Two years ago the Columbia Journalism Review (CJR) hosted a panel (audio available here) with Steven Rattner, Jim Brady, Amanda Bennett, Jill Abramson, and Robert Kuttner (with Nicholas Lemann moderating). The purpose was to discuss an article the CJR had commissioned Robert Kuttner’s to write on the future of print media where he essentially argued that the then status quo of print-digital hybrids would ensure newspapers’ survival.
The CJR however, interested in the perspective of bloggers, invited my colleague Taylor Owen to write a response. We ended up collaborating and wrote Missing the Link: Why Old Media Doesn’t get the Internet.
Ultimately we ended up writing a much longer piece, one that was critical of Kuttner and the print-hybrid model. In addition to the CJR we got a couple of sniffs from some other print journals/magazines (Wired for example) but they eventually could not get it published.
Ironically, we were more concerned with getting published (in print or digitally) than simply releasing it on our blogs. Part of this had to do with the piece’s length, but, if we are really honest with ourselves, we got trapped in an institutional mindset and began thinking like priests, not entrepreneurs. Eventually we got busy with other exciting projects and forgot about it (except for this op-ed we wrote in the toronto star).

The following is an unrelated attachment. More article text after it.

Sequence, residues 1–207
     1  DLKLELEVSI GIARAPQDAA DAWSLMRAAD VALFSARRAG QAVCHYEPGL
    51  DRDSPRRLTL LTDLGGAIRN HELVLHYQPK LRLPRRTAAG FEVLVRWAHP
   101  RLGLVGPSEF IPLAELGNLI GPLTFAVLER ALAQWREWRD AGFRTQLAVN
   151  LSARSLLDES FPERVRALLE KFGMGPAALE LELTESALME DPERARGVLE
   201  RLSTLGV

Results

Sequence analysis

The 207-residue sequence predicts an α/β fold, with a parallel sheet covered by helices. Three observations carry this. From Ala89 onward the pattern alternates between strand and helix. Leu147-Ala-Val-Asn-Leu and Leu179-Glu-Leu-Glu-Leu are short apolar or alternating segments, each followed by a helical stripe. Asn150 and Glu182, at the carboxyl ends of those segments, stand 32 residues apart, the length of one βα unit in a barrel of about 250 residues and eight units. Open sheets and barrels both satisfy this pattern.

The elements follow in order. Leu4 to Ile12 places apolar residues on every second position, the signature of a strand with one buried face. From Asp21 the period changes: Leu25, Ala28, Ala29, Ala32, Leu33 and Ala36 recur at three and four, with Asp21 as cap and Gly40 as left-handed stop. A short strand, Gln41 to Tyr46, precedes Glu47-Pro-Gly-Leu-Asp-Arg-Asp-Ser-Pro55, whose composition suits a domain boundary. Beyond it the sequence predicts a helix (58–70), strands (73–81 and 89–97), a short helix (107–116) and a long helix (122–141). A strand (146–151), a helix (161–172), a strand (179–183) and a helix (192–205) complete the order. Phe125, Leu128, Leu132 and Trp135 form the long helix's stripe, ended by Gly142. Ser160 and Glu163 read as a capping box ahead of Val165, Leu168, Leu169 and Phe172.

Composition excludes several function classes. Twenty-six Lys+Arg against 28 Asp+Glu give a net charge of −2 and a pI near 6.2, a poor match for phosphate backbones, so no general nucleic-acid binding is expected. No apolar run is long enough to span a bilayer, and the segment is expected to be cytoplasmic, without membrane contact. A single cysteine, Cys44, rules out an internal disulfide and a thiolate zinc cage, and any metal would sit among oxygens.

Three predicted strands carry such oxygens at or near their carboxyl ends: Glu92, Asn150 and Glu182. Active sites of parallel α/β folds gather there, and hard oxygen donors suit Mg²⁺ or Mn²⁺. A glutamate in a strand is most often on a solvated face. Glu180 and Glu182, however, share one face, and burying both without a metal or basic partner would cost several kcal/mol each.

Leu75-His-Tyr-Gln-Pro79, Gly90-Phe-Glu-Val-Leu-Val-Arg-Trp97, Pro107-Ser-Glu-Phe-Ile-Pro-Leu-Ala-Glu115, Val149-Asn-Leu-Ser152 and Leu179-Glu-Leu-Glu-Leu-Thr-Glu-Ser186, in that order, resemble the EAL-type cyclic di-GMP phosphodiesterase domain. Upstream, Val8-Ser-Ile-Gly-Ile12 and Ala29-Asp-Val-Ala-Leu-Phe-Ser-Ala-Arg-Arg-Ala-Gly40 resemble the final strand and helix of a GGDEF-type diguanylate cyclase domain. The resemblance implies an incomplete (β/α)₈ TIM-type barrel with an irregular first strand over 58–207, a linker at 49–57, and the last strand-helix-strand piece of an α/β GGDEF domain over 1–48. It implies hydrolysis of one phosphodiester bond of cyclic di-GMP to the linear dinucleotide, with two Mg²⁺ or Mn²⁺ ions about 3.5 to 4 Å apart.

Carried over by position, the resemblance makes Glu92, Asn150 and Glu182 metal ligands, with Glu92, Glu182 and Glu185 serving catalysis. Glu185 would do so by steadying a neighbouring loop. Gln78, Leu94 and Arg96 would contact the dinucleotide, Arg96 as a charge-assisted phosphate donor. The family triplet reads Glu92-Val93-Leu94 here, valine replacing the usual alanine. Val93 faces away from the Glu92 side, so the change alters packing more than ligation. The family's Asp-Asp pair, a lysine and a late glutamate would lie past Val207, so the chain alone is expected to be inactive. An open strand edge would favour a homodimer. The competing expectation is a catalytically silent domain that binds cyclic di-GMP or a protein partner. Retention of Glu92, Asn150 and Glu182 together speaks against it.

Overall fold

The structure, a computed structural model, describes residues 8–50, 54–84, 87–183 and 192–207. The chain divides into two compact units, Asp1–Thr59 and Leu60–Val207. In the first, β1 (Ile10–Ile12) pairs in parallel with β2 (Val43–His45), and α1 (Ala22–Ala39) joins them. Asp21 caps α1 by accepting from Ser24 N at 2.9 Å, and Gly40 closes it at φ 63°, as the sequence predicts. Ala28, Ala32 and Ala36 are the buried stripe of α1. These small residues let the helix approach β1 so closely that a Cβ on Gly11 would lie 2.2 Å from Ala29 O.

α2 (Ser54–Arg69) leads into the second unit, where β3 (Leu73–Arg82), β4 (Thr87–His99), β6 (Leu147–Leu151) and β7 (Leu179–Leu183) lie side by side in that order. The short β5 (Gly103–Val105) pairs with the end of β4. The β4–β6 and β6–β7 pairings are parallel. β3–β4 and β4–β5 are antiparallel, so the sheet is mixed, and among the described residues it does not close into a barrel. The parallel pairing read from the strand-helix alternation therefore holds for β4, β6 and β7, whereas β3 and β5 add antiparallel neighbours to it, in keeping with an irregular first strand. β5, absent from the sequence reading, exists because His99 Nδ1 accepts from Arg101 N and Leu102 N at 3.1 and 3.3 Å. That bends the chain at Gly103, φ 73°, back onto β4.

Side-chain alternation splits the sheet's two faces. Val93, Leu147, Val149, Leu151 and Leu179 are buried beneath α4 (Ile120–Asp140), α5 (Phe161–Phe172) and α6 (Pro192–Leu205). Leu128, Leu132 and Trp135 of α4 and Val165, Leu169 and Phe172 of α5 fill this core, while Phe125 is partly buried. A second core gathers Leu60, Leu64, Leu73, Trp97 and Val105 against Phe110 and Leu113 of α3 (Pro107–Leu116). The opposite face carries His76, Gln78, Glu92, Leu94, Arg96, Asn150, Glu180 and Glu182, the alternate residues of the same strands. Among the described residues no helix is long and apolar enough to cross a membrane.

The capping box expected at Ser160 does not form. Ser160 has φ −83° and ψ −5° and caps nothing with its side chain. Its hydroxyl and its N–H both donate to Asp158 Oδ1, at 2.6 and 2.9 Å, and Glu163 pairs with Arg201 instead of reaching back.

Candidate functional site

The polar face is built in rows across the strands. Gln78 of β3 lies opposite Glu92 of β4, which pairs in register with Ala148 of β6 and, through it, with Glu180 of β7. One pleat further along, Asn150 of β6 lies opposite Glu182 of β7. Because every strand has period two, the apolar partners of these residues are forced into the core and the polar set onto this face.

Two years later the piece could do with some updating but sadly it is just as salient, if not more so, today as it was then. So we are pulling it out of the C drive and sharing it. Better late than never.
Of course, we aren’t devoid of our desire for a better channel. If anyone out there (Slate? Huffington Post?) finds the piece interesting and knows a home for it – print or digital – we would be happy to update it. Mostly, we just want it read.
Here again is a link to the full version of Missing the Link: Why Old Media Still Doesn’t Get the Internet.
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I will look forward to reading this as soon as my exams are finished.
Quite an interesting read, will definitely bookmark it, thanks for posting.